Venue manager Martín Sotomayor Mesa says the stadium is open to all concert promoters, with the busiest period for concerts being September to May, due to the favourable weather. 

With the venue due to host the final of the prestigious Copa Libertadores football tournament, the equivalent of the Champions League in Europe, on 23 November, Mesa says the stadium has not been able to host as many concerts this year as usual. 

Recent changes have seen the seats updated, the whole venue re-painted and the area around the stadium significantly improved. The biggest forthcoming improvement will be the opening of 12 new VIP boxes that will able to collectively seat 122 people. 

“We do not have many big venues in Chile but there is a lot of demand here for VIP experiences at our venue and at the Movistar Arena. We already have a large VIP area but the new boxes will open next year, offering a new level of facilities,” says Mesa. 

Just the ticket  

Santiago-based Punto Ticket is Chile’s leading ticketing operator, which this year counts Paul McCartney, Luis Miguel, Iron Maiden, Muse, Chayanne, the Viña del Mar International Song Festival (15,000), Creamfields (25,000), and Lollapalloza among its clients. 

“The concert market is strong, most of the shows are selling well,” says Punto Ticket’s general manager Paulo Atienza. “Chileans are spending more money on entertainment and especially on concerts.”

Atienza says that the company offers a mix of physical and digital tickets, and a major promotional push on digital tickets this year has paid off, with digital tickets now being produced for around 50 per cent of sales. Later this year Punto Ticket will begin offering mobile tickets for the first time. 

Atienza says concert ticket sales patterns vary greatly depending on the artiste and their audience. 

“We see three kinds of shows, ones that sell-out within a few hours, those that sell steadily over a much longer period and some that don’t see ticket sales until a couple of weeks before the event,” he says.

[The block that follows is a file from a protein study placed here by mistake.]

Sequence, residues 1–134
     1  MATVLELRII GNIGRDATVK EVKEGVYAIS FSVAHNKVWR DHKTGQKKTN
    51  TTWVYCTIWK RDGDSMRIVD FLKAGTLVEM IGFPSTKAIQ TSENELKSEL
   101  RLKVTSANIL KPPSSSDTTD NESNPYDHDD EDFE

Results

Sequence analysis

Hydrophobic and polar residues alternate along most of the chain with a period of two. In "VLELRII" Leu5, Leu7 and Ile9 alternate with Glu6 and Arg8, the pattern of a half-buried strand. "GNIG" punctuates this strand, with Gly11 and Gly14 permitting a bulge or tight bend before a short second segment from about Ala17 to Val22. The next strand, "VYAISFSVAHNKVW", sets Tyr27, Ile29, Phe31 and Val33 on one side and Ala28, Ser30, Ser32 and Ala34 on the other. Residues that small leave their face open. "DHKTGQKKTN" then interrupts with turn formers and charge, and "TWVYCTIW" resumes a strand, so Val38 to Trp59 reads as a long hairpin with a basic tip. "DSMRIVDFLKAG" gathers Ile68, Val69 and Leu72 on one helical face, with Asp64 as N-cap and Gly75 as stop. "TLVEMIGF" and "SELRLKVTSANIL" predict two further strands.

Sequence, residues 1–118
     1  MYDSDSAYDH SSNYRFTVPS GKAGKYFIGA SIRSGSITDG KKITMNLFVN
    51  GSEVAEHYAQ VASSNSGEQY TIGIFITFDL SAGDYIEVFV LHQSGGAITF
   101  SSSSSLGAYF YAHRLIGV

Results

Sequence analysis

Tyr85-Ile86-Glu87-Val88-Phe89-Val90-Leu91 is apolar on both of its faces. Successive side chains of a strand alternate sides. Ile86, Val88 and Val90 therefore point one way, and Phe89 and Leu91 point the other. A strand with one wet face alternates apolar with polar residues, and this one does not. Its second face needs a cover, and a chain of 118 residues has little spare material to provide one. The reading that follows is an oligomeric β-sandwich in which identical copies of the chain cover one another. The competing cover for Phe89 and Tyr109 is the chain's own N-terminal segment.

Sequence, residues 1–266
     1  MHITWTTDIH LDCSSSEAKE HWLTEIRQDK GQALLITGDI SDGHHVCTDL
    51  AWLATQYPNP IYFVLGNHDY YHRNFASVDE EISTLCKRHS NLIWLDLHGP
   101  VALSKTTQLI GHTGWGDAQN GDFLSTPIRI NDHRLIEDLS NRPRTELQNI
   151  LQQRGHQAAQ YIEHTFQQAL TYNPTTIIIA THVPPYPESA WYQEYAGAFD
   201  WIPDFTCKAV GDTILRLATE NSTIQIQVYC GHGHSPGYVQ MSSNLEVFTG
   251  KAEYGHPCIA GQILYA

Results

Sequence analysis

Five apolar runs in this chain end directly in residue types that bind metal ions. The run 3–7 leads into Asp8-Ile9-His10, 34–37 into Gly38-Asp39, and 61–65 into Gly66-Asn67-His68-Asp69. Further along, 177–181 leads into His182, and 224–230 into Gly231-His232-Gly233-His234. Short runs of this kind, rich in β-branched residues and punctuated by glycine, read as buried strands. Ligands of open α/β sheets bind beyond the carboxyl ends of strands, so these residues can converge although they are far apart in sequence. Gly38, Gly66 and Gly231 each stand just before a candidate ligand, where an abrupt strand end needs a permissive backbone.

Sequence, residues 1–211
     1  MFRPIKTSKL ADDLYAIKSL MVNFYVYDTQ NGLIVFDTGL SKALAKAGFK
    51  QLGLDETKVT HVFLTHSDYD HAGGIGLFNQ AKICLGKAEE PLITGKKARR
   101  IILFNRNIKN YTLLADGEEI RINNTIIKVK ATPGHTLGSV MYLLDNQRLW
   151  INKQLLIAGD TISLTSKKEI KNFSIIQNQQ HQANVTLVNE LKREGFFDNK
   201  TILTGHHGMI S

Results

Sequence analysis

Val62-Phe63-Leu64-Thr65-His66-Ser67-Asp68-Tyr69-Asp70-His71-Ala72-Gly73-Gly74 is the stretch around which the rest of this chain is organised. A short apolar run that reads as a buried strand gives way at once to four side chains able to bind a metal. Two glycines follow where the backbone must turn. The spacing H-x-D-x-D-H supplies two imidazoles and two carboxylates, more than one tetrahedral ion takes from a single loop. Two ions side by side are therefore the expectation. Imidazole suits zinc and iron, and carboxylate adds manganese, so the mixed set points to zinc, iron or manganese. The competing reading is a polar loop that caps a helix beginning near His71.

All eyes on the acts 

Another promoter who has enjoyed success with both concerts and festivals is The Fan Lab Producciones, which in 2017 staged the two-day STGO Rock City festival at the Monumental Stadium in Santiago, which was attended by 50,000 fans per day.

Artistes who performed includied Guns N’Roses, The Who and Def Leppard, with tickets priced at 50,000 pesos ($70).

Fan Lab Producciones director Francisco Goni says for the time being his is not looking to reprise the event. 

“We don’t do festivals every year because in our market people are primarily interested in going to see the bands and not so much the festival itself, apart from Lollapalooza which attracts a much younger crowd who go for experience more than the bands,” he says. 

“We do festivals when there is enough talent available but we don’t try to stage festivals just to build a brand name for the event, because that can be dangerous.” 

For the time being Fan Lab is focused on promoting concerts, primarily by rock and metal acts. In an average year it will promote between 30 and 40 concerts, with the vast majority being in Santiago.

Among the acts Fan Lab is working on this year are Seal, Marillion guitarist Steve Rothery, Epica and King Crimson. The latter has two shows at the Movistar Arena in October, with tickets starting as 33,400 perso ($48). 

Goni says the band’s first show sold out in one hour. 

‘There has always been a huge fanbase for metal and rock here, it is part of Chilean culture and is something that has been growing year by year,” he says. 

“The age group who attend the concerts now were younger when these bands started out, they were studying and didn’t have much disposable income to go to concerts. They have grown with the bands and now they are older they have different lifestyle and are able to afford to go to the concerts.”

Despite the market being strong for rock acts, Goni says he is concerned by events in wider South America and the slowing economic growth in Chile. 

“Chile has been affected by what is happening in Brazil and Argentina and the country’s economy is growing at a very low rate,” he says.  “The retail industry drives the economy here and is not doing well, the copper industry is not doing well either.”

Goni describes his business as being a boutique promoter that offers it’s clients in-depth market knowledge. 

He says, “The Chilean concert market is very dynamic, you have to be very flexible to adapt to changes and be very rational when talking to agents and talent when looking at the potential of the market.”